• Erectile dysfunction : Surgery, radiation and other treatments can damage the erectile nerves and affect your ability to get or maintain an erection. Some men regain erectile function within a year or two . In the meantime, medications like sildenafil or tadalafil can help by increasing blood flow to the penis.
  • Infertility: Treatments can affect your ability to produce or ejaculate sperm, resulting in male infertility. If you think you might want children in the future, you can preserve sperm in a sperm bank before you start treatments. After treatments, you may undergo sperm extraction. This procedure involves removing sperm directly from testicular tissue and implanting it into a womans uterus.

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Surgery For Prostate Cancer

There are many types of surgery for prostate cancer. Some are done to try to cure the cancer others are done to control the cancer or make symptoms better. Talk to the doctor about the kind of surgery planned and what you can expect.

Side effects of surgery

Any type of surgery can have risks and side effects. Be sure to ask the doctor what you can expect. If you have problems, let your doctors know so they can help you.

Prognosis And Survival For Prostate Cancer

Metastases with a Low PSA, What is PSA Doubling Time | Mark Scholz, MD | PCRI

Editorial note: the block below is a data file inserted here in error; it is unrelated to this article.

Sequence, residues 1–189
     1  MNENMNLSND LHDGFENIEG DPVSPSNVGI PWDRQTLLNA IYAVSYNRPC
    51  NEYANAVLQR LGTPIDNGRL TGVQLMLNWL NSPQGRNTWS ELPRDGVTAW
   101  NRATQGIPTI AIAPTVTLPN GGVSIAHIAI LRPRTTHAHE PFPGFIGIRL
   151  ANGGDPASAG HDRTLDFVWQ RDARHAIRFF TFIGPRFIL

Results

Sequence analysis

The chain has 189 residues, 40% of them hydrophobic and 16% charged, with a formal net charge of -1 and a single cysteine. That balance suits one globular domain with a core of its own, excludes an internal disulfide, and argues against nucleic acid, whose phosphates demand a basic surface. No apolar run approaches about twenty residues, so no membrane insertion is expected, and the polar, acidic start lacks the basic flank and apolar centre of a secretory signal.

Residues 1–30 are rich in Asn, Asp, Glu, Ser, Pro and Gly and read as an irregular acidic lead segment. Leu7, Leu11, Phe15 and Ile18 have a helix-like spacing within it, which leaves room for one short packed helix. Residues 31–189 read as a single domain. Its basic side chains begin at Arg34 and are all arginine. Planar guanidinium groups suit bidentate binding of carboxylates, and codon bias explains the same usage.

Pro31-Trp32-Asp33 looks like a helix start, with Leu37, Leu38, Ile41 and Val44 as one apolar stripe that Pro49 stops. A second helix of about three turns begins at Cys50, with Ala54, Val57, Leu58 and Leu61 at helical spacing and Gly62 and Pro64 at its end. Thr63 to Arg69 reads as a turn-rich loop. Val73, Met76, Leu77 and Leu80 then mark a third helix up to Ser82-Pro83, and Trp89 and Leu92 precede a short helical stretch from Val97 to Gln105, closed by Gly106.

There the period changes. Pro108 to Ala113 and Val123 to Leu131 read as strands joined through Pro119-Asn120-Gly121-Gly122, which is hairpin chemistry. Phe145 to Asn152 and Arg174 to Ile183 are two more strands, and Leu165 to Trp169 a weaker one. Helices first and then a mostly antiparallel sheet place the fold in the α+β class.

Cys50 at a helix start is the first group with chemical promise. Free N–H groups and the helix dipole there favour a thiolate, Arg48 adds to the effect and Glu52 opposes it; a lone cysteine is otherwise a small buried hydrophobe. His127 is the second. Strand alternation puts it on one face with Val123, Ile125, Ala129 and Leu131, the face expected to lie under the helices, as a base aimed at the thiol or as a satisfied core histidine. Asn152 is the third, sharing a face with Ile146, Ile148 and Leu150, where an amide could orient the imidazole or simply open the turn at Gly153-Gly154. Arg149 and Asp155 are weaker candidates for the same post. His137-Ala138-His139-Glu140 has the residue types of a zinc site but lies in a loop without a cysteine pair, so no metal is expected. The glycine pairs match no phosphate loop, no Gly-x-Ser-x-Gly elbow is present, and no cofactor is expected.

If you have prostate cancer, you may have questions about your prognosis. A prognosis is the doctor’s best estimate of how cancer will affect someone and how it will respond to treatment. Prognosis and survival depend on many factors. Only a doctor familiar with your medical history, the type and stage and other features of the cancer, the treatments chosen and the response to treatment can put all of this information together with survival statistics to arrive at a prognosis.

A prognostic factor is an aspect of the cancer or a characteristic of the person that the doctor will consider when making a prognosis. A predictive factor influences how a cancer will respond to a certain treatment. Prognostic and predictive factors are often discussed together. They both play a part in deciding on a treatment plan and a prognosis.

The following are prognostic and predictive factors for prostate cancer.

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Treating Stage I Bladder Cancer

Stage I bladder cancers have grown into the connective tissue layer of the bladder wall , but have not reached the muscle layer.